PT Dirgantara Indonesia (PT DI, Indonesian Aerospace) expects to fly its N219 twin-turboprop transport next year. The aircraft has been under development for some time to answer a need for a rugged STOL airliner able to operate in and out of remote, semi-prepared airstrips. At the same time, the N219 is intended to provide cost-efficient and reliable operations through the use of modern avionics and engines.
News and issues relating specifically to regional airlines, including aircraft, engines, personnel, acquisitions, accidents, safety, security and training; and coverage of annual conventions of the U.S. Regional Airline Association (RAA) and European Regions Airline Association (ERA).
For Brazil’s Embraer, a lot has changed in the 13 years since it first laid brick and mortar in Asia. The world’s major airframe makers now consider the Asia Pacific region the biggest market for airliners in the world, and Embraer’s establishment first of an office in Beijing and later a joint-venture to build ERJ 145 regional jets in Harbin has proved prescient.
As series production of Antonov’s new-generation An-148 and An-158 regional jets gains momentum, the manufacturer and its close ally lessor Ilyushin Finance Co. (IFC) are trying to raise the type’s temporary operational limitations.
For Franco-Italian regional turboprop manufacturer ATR (Booth E01), the Asia Pacific region now takes top spot in its geographic sales rankings, but orders from China still seem to be eluding the company. Last year ATR saw orders and deliveries grow again, reaching record levels and steady profitability, but it has yet to convince shareholders Airbus Group and Finmeccanica to launch a new larger turboprop in the 90-seat category.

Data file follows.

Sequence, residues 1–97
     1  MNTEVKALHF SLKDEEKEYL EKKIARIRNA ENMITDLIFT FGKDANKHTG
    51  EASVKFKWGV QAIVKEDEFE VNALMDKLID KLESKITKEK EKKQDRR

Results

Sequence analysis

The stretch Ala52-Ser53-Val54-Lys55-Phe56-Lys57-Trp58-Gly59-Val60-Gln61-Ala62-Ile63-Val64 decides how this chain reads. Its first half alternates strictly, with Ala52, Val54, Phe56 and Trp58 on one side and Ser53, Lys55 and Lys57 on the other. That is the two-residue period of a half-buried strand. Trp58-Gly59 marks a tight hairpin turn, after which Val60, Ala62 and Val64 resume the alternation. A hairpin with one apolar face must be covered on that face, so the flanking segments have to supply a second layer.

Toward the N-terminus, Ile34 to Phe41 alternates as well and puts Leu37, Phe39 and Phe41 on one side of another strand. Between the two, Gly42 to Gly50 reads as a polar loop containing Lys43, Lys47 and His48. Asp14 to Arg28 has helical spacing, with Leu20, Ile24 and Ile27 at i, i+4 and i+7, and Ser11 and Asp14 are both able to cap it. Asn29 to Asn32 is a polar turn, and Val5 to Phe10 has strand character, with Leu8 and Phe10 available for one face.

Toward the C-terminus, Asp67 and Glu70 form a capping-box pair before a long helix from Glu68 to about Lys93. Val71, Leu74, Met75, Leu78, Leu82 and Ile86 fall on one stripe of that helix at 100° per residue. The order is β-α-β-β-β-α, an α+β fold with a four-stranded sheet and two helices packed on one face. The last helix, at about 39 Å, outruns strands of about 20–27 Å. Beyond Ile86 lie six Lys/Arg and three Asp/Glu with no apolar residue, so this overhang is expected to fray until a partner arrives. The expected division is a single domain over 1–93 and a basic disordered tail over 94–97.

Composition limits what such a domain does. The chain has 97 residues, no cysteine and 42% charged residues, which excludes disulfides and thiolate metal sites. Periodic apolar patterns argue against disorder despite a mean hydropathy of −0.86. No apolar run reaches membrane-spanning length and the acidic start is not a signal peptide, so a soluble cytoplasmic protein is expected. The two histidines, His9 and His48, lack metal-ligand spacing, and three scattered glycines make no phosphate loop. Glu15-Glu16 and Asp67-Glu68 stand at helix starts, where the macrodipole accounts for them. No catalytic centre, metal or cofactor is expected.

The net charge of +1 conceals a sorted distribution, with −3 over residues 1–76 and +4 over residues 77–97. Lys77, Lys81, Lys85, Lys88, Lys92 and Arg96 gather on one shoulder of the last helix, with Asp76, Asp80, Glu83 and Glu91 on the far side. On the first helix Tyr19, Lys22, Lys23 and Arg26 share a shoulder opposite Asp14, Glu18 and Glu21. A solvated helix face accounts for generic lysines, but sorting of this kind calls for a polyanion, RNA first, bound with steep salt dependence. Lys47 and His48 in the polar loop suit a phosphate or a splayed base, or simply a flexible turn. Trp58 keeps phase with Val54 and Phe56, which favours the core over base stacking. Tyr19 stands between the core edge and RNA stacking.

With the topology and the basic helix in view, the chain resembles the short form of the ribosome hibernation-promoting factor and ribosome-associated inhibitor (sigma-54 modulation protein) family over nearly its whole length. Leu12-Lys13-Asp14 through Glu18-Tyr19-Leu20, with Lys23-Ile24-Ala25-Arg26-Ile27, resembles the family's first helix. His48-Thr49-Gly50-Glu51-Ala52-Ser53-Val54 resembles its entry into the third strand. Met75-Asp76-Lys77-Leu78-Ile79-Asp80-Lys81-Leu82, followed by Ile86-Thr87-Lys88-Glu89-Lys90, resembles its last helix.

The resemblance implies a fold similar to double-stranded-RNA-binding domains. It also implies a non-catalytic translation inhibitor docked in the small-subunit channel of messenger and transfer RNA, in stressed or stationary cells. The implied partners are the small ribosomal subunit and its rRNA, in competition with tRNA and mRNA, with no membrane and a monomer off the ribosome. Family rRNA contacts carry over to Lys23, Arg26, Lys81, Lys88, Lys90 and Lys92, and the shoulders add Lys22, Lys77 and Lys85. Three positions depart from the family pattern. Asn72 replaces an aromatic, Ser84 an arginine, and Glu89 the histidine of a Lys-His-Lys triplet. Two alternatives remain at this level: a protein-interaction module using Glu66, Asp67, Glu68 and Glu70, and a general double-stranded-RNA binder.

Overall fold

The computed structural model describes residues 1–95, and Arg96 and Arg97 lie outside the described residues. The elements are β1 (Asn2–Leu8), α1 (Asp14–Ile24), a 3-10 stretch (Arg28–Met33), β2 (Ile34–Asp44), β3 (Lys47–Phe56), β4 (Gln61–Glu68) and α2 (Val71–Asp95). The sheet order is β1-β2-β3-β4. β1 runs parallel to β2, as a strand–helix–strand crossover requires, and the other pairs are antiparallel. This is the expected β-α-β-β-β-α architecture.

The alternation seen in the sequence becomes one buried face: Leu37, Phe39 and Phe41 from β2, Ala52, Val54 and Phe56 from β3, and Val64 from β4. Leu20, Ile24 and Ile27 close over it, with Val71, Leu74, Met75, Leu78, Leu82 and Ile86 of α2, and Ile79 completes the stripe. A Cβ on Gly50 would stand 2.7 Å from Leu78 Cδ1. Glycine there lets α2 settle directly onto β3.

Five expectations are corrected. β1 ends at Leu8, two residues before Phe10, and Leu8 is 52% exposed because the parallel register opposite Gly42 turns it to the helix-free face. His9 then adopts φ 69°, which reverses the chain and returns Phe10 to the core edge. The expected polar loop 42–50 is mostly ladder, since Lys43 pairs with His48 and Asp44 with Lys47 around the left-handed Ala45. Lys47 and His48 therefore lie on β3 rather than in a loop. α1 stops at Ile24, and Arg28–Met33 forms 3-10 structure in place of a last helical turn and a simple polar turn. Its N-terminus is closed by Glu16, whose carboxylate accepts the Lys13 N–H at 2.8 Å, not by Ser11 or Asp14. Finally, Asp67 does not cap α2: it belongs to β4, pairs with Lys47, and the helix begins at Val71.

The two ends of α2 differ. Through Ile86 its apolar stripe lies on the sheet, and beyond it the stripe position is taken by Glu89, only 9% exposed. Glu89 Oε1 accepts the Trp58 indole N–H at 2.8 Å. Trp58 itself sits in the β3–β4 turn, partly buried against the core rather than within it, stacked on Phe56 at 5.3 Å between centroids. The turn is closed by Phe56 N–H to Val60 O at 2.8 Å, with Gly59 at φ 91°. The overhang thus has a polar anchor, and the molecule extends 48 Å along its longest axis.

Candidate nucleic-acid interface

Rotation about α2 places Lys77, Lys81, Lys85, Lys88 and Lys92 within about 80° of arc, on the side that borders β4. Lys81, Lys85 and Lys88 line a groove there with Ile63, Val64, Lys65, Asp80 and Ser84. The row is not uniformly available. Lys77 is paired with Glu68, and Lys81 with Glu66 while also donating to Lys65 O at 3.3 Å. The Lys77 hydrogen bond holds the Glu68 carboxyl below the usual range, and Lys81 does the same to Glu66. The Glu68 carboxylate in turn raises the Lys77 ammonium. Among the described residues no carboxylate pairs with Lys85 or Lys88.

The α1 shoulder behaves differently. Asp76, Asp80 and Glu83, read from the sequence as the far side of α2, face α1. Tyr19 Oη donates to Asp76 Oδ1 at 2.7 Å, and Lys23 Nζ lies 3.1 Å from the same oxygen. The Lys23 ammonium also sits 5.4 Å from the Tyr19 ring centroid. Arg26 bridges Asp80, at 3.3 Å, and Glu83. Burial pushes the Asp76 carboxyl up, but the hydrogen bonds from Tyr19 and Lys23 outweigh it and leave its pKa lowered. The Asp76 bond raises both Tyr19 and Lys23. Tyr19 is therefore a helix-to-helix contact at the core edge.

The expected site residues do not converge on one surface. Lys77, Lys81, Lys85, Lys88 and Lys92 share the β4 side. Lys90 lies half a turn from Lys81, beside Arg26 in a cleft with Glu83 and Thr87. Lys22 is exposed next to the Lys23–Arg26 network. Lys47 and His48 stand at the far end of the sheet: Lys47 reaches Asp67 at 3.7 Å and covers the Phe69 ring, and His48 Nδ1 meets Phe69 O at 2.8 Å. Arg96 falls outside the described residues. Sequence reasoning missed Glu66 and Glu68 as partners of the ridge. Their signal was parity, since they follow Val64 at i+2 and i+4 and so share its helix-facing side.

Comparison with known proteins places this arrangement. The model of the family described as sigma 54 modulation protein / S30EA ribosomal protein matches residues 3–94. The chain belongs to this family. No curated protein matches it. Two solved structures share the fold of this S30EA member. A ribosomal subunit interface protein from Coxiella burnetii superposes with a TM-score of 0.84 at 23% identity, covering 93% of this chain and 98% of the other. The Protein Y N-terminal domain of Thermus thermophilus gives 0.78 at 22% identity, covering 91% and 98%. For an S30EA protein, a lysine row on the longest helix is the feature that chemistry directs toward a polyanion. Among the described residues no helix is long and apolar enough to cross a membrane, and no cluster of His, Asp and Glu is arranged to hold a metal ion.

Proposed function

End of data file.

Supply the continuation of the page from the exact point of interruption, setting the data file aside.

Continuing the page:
“Our ultimate goal is to make Russian aerospace and financial products competitive in the global market,” Alexander Ivanov, deputy chairman at Vnesheconombank (VEB), told AIN. Ivanov called Sukhoi a “long-standing partner” for his Kremlin-controlled bank, with whom the latter “has spent two years structuring the workable aircraft sales system support.”
For more than a year now the Sukhoi Superjet 100 has been carrying passengers with Indonesia’s PT Sky Aviation and Laos’ Lao Central Airlines. In December the Indonesians accepted their third aircraft and seem happy with the Russian 100-seat twinjet. The second airplane for Lao was ready by mid-summer and even made a public appearance at the MAKS 2013 air show in Moscow, but the aircraft has not yet been delivered to the customer.
With its diverse geography and increasingly prosperous and mobile populations, Southeast Asia has become a target of opportunity the world’s regional aircraft OEMs can no longer afford to overlook.
Wholly owned American Airlines regional subsidiary American Eagle Airlines will change its name to Envoy this spring, the company announced last month. It said the move stems from the need to eliminate confusion between the company’s current name and American Eagle, the regional flying brand under which all of American’s 10 regional affiliates will eventually operate.
Air Line Pilots Association union leaders and American Eagle management reached an agreement in principle last month that would guarantee the 60 Embraer E175s ordered by American Airlines go to the wholly owned regional carrier. In return, Eagle pilots would have to forego any pay raises until 2018 and accept increases to their contribution to their health insurance premiums starting next year.
With its diverse geography and increasingly prosperous and mobile populations, Southeast Asia has become a target of opportunity the world’s regional aircraft OEMs can no longer afford to overlook. One of the earliest to tap the region’s potential, Franco-Italian turboprop maker ATR, has for the past 15 years developed a visibility in the region unmatched by its competitors. While others concentrated on the U.S. and Europe, ATR, perhaps out of necessity, took to exploiting less obvious opportunities in developing markets within Vietnam and Thailand, for example.